On Monday 29 November 2010, Per Jessen <p...@computer.org> wrote: > Daniel Molina Wegener wrote: > > On Sunday 28 November 2010, > > > > Larry Garfield <la...@garfieldtech.com> wrote: > >> There are many things that everybody "knows" about optimizing PHP > >> code. One of them is that one of the most expensive parts of the > >> process is loading code off of disk and compiling it, which is why > >> opcode caches > >> are such a bit performance boost. The corollary to that, of course, > >> is that more files = more IO and therefore more of a performance hit. > >> > > It depends on the implementation that PHP uses to open the file. For > > > > example on Linux and similar operating systems, PHP uses the mmap(2) > > function instead of read(2) or fread(2) functions, so it maps the > > complete file into memory, that is more faster than using partial file > > reads. > > I doubt if a read(file,1Mb) and an mmap(file,1Mb) will be very > different. The file has got to be hauled in from disk regardless of > which function you choose.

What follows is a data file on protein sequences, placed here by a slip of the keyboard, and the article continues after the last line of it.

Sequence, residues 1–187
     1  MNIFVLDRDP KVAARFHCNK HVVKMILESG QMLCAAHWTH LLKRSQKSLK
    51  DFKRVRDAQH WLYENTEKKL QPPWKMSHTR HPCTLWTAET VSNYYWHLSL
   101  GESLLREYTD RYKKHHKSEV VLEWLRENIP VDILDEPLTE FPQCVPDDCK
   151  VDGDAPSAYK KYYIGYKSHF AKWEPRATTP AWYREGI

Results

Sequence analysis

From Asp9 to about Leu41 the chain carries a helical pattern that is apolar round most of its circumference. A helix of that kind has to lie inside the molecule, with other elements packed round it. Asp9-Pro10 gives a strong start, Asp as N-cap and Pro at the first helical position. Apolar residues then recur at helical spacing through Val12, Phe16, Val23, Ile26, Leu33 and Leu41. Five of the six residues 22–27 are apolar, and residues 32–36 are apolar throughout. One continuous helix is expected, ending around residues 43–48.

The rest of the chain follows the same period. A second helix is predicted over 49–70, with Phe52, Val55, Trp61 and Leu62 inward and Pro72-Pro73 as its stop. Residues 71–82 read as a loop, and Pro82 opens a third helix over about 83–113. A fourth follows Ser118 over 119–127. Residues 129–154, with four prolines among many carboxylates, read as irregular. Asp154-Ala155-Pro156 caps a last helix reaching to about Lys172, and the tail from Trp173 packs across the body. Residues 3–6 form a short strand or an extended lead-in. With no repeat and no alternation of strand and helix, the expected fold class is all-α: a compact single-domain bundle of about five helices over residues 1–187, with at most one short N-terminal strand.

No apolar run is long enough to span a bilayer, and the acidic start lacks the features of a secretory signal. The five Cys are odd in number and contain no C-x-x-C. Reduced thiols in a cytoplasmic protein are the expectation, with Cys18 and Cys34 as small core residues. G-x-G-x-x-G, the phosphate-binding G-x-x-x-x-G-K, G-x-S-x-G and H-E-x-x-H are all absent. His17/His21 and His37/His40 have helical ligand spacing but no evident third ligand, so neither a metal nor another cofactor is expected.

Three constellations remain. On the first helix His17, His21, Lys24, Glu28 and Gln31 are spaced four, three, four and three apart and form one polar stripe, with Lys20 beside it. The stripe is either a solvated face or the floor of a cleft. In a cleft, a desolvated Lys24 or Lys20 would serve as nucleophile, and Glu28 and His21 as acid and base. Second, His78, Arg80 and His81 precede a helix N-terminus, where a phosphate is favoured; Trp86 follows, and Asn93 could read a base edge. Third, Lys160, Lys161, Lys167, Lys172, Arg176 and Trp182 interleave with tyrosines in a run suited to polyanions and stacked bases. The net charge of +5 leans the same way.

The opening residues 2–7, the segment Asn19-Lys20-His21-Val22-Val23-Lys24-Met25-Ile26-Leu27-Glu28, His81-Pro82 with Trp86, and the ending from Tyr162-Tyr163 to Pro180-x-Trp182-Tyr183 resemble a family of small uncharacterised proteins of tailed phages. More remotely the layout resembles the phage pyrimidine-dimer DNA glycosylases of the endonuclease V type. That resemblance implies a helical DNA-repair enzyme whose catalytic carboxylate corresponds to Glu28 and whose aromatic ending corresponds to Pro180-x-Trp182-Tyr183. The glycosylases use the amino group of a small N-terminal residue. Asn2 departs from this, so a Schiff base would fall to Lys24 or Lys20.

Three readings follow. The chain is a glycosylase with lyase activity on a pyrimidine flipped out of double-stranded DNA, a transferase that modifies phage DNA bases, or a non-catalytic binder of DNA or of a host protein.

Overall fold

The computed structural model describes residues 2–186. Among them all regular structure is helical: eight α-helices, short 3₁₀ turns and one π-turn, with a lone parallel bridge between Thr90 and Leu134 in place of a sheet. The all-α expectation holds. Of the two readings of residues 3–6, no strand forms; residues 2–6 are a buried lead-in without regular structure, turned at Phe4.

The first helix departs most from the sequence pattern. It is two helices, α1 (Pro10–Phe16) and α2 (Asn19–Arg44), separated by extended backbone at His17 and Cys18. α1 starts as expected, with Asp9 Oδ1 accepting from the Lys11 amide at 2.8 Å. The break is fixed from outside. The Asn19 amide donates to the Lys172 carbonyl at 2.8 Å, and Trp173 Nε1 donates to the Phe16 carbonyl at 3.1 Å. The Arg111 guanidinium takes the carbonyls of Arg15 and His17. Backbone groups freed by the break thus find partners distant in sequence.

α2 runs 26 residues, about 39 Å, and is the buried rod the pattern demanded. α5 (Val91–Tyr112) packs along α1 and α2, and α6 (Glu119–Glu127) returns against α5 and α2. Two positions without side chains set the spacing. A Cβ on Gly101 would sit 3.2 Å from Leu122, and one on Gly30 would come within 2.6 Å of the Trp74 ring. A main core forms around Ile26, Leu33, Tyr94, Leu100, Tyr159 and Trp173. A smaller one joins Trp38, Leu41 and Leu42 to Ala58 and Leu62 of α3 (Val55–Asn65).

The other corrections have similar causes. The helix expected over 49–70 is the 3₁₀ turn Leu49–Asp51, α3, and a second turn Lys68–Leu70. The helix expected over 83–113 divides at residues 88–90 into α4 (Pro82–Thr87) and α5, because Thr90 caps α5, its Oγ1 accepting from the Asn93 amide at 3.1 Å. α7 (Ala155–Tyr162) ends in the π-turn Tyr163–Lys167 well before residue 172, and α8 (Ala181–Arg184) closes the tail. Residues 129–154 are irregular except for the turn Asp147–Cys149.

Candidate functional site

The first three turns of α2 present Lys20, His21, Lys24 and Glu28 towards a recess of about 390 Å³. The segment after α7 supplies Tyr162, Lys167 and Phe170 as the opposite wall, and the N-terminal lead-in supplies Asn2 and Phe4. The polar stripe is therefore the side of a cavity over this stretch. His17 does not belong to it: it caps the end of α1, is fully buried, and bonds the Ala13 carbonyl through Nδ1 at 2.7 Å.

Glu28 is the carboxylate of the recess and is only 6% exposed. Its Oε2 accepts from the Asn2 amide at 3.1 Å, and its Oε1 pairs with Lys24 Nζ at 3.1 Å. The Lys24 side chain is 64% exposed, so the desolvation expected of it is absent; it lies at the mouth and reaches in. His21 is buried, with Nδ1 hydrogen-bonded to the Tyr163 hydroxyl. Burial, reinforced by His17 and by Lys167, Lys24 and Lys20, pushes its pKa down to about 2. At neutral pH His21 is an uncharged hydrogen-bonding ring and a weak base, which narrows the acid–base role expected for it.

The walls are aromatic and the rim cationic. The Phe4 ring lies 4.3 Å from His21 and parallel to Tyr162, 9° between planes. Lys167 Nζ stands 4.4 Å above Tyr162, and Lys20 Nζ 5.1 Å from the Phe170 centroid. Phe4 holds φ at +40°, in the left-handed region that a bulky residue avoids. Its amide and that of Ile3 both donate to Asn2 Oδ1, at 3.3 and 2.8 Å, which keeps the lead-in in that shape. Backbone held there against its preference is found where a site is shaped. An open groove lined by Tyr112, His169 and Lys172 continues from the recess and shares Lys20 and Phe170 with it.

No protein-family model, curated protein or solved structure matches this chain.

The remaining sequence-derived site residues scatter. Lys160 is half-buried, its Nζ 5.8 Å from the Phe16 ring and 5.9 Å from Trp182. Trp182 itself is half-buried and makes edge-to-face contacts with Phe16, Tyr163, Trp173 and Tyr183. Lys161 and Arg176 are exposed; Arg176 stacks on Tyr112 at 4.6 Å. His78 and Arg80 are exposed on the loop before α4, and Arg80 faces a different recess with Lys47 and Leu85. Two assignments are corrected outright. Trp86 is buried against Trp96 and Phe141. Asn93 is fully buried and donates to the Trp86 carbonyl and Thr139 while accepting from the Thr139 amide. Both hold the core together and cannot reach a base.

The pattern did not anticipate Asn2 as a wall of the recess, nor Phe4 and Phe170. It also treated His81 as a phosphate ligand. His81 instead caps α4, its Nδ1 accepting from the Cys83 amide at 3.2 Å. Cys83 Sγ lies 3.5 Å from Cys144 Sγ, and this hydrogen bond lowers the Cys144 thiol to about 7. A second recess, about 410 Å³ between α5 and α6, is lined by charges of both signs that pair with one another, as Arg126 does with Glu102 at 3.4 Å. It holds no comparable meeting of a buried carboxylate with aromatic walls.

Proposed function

Well, they are different. That's why some php functions and a wide variety of language implementations are using mmap(2) instead of read(2) to read files from the hard drive for inclusion or module importing. Also Apache uses sendfile(2) and mmap(2) when they are available on the platform because are more faster than read(2). You just can trace how php loads certain modules when you call include(), require(), include_once() and require_once(). Also Python, Perl and other languages have a similar implementation when they are loading modules. read(2) depends on the VFS blocksize, which is used as the maximum unit for chunk reads, mmap(2) not. Just check the PHP source code or run an strace(1) over php loading modules and check which function is used to read inclusions. Best regards, -- Daniel Molina Wegener <dmw [at] coder [dot] cl> System Programmer & Web Developer Phone: +56 (2) 979-0277 | Blog: http://coder.cl/
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